4 Tips for Response-Driven E-mail
"When 50 million some odd people a day are using e-mail and checking it more than five times, on average, how do you become trustworthy and relevant?" asked Andy Goldman, VP of solutions for Rapp Collins Worldwide, in his talk on designing e-mail for response, given as part of panel discussion on e-mail creative during the Nov. 13 All About eMail Virtual Conference & Expo.
In his presentation, Goldman explained how marketers using smart e-mail design can appeal to consumers who are wading through ever more chaotic inboxes. Below are four tips for e-mail design with response in mind:
1. Make Expectations Clear
Set steady expectations about how often you will mail and what your messages will look like. For example, let your readers know if you will be sending a series of e-mails with the same subject line or a variety of different looks. Creating preference centers can help brands put even more control into consumers' hands.
2. Build on Your Existing Relationship
As an element of trust, the "from" address should be reflective of the brand or business that owns the relationship with the consumer. When relevant, Goldman says that including a word or two in the subject line about a previous customer engagement helps break through the clutter. Some examples he uses are "reminder," "confirmation" and "update."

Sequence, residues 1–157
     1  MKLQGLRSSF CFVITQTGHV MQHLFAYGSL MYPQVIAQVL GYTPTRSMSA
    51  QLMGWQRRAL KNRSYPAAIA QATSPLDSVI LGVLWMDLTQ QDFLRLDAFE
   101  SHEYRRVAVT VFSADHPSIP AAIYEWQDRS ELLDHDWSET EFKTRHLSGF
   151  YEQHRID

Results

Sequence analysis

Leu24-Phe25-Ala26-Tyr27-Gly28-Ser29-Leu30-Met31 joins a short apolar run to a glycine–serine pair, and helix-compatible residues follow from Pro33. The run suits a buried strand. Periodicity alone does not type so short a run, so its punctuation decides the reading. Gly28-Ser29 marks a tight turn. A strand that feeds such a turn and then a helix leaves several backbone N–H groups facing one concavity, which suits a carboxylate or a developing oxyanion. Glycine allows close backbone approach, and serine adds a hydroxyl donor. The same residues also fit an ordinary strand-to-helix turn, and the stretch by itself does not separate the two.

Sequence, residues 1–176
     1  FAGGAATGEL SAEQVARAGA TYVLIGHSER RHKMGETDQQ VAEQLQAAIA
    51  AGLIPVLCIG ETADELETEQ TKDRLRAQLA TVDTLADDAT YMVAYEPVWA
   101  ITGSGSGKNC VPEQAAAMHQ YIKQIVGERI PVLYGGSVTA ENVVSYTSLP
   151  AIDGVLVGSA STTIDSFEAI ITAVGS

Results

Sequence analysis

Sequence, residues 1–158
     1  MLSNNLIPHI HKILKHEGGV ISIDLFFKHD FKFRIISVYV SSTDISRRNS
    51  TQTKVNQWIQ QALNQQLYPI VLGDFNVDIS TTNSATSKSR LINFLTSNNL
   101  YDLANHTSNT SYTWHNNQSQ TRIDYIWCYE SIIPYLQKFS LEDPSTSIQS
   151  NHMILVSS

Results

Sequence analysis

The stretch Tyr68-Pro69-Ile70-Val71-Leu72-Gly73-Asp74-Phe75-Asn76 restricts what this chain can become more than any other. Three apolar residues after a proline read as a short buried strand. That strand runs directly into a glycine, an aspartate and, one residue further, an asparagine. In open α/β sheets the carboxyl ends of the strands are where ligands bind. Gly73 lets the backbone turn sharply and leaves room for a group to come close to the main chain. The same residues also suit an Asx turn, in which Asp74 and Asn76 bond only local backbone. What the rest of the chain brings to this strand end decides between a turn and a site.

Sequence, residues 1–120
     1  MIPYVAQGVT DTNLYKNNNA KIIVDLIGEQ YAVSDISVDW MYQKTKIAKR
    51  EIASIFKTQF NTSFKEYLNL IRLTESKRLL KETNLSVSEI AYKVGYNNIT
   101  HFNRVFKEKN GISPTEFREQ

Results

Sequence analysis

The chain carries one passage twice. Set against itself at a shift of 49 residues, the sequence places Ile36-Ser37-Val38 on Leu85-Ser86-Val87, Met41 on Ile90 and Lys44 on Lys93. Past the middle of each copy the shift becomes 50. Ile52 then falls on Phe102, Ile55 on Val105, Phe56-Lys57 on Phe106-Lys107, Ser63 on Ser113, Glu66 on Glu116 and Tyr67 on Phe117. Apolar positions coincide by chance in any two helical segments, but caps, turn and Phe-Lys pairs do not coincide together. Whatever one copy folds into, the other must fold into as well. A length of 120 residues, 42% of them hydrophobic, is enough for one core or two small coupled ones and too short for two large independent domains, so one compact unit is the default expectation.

3. Design With the Consumer in Mind
Employ eye-tracking technology to follow your consumer's eye and find out where your e-mail hot zones are. Heat tracking also can illustrate common hot zones in e-mail templates. Testing different proven hot zones in your creative can help you better predict the most effective placement for your offer and call to action.
4. Clarity Is Key for the Call to Action
Call-to-action buttons, designed as images, tend to attract more attention than simple links. Because some images may be lost coming through inbox filters, always use an HTML text backup. The call to action should reflect the value of your e-mail communication as described in the subject line. Finally, be wary of providing too many links in your e-mail, which may compete with the primary call to action.
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